There are many awards programs for the architecture, engineering, and construction industry. It seems like every time you turn around, there’s another chance to showcase your firm or a project you’ve designed or built. If your firm receives an award, take advantage of this opportunity to market to your clients, prospects, and community, as well as current and future employees. Be Award Winning!
Receiving an award builds your brand and reputation; promote such wins through public relations avenues, website, and social media platforms. This is a great opportunity for you to be in front of your target audience and share your firm’s accomplishment.
When you win a project award, you can also showcase your client, therefore building a stronger relationship with them. From an employee’s view, winning awards builds morale. It makes them feel proud to work for a firm that continues to “win” and be recognized for their efforts.
There are a variety of workplace-related awards presented by Chambers of Commerce, business journals, local business newspapers, and industry associations (AIA, IIDA, ACEC, NSPE, AGC, DBIA, SMPS, ASHRAE, etc.). Some of the typical awards to submit for include:
Do your research to find out which ones make sense for your company. The list above isn’t all-inclusive, but it gives you an idea of where to start and look for these awards.
There are many different types of project-specific awards, too. These can be affiliated with an industry association (as listed above) or a market segment (historical, retail, education, etc.), so make sure to engage your project owner in the process. Many times, they are aware of awards within their industry, so you can collaborate on the submission. This also gives you the opportunity to strengthen that relationship with an owner. When you win the award, you can attend the awards banquet together and help them promote their project/business.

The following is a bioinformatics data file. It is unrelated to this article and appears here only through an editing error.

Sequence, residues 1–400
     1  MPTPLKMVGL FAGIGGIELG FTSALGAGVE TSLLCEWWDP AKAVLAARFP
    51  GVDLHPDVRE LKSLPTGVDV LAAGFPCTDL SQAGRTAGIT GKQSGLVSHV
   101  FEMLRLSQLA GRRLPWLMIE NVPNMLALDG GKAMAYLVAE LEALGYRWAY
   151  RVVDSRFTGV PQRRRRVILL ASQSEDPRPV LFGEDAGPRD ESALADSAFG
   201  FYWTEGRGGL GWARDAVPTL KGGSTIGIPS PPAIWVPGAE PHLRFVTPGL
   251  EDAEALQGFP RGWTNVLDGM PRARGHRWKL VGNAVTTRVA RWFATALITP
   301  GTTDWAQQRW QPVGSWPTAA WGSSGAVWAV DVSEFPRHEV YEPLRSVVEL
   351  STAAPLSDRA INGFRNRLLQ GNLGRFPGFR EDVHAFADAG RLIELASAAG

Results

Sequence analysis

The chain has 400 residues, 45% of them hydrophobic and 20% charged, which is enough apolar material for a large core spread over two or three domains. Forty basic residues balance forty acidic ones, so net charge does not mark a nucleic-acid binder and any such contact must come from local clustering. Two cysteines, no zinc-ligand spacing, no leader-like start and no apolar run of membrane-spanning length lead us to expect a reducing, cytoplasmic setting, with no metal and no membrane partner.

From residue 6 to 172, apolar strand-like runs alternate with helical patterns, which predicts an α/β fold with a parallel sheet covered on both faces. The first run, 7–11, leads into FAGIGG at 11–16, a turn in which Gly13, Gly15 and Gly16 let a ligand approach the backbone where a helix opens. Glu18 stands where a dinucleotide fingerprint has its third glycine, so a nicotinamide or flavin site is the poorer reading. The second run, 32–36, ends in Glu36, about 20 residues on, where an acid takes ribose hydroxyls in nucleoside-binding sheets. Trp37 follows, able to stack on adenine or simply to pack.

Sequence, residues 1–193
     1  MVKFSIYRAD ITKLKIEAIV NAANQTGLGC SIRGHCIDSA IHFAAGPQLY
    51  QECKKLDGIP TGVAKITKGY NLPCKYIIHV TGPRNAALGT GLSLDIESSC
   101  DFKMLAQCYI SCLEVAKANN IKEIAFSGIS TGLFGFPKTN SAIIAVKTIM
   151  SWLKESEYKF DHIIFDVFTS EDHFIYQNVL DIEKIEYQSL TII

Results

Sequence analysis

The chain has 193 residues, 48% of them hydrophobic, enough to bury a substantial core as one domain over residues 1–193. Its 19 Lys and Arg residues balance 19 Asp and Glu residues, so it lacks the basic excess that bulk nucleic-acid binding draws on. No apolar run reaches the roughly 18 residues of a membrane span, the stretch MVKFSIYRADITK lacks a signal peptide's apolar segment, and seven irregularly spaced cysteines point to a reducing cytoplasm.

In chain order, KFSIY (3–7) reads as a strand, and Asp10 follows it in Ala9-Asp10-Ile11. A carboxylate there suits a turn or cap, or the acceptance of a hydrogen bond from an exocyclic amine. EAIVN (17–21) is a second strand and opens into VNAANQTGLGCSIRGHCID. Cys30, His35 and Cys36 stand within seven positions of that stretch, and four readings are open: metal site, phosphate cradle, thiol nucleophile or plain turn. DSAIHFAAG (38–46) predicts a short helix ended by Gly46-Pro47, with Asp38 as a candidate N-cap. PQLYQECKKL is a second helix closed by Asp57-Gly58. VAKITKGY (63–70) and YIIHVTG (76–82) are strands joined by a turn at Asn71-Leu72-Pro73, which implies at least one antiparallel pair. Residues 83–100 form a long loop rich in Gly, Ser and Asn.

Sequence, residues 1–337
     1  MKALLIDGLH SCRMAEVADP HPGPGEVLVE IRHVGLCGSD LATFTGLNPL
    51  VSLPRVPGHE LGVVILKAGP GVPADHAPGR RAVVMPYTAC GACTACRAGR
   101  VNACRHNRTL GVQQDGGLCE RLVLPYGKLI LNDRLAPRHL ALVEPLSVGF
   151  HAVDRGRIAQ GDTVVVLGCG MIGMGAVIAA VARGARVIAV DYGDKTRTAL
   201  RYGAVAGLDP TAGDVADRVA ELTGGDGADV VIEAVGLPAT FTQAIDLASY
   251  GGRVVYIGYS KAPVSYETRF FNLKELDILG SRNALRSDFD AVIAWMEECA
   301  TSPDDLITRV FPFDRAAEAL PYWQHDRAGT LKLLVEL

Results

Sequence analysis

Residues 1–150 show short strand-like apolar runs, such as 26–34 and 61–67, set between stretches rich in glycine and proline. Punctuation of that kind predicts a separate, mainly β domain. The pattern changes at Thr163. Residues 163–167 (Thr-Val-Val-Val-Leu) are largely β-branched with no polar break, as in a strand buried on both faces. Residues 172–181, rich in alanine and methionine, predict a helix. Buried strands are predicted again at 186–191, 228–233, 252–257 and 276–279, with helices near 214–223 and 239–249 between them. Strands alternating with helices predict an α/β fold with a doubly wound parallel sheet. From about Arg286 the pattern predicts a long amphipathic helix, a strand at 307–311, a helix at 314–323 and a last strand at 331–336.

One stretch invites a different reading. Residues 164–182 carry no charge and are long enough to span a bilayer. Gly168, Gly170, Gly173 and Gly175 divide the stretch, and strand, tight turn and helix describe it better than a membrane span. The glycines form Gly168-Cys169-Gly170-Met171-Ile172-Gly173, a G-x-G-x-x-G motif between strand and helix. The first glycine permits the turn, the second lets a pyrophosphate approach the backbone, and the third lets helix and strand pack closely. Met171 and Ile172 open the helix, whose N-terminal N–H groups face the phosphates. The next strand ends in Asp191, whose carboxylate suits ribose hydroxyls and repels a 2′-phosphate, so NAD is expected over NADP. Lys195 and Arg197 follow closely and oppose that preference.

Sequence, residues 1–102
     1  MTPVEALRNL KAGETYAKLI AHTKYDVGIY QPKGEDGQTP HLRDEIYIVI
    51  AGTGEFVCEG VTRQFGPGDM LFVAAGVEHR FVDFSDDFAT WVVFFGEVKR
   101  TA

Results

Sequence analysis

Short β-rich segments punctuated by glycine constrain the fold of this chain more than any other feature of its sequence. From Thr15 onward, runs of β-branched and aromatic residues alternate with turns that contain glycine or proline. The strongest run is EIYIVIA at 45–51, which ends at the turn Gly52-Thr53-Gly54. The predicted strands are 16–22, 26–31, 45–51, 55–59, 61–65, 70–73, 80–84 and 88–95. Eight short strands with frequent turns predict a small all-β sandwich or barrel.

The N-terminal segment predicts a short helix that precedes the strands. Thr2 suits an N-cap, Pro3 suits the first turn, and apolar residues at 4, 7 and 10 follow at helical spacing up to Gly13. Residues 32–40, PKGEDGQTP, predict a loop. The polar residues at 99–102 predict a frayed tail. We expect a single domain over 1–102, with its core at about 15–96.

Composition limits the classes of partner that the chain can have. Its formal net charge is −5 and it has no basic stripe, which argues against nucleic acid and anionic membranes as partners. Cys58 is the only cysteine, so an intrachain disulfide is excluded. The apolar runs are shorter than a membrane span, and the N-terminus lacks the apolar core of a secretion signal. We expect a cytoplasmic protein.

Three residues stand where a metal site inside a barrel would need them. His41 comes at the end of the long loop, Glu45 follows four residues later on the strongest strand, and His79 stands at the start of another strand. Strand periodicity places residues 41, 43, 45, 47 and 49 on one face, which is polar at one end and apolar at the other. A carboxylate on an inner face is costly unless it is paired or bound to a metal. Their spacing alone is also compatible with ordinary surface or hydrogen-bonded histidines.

Preparing for award submissions does take planning and coordination. You’ll need high-quality photography of your firm, office, construction jobsites, employees, and completed projects (both exterior and interior). Make sure you take photographs throughout the entire project, because many project awards want before, during, and after construction. Coordinate with other industry partners to split the cost of professional photography. Those deeply involved in the project will be a great resource for information, along with the client. Receiving client feedback helps you understand from the client’s point of view. You can also ask for a testimonial that can be included in the award’s submission.
Not only is there time involved in submitting for awards, but many times there is a fee to submit your project. Look at the cost associated with the submission along with the other expenses. Photography expenses should always be part of your marketing expense anyway, so those shouldn’t be coded toward your award expenses. The submission fee, printing costs, and labor time should be the only expense associated with the awards submission.
The investment of resources is a small fee for the marketing opportunities that will follow from winning the award. Showcasing projects and employees is important from a marketing, client development, and employee recruitment perspective. Make the investment and go for the win. It will be well worth it.
Nu marketing helps architecture, engineering, and construction firms with their business strategy, marketing and business development plan, and employee recruitment and retention plans. Lindsay Young, Chief Difference Maker, also provides training and coaching to those involved with marketing and business development initiatives. Contact us today at 316-680-3097 or firstname.lastname@example.org.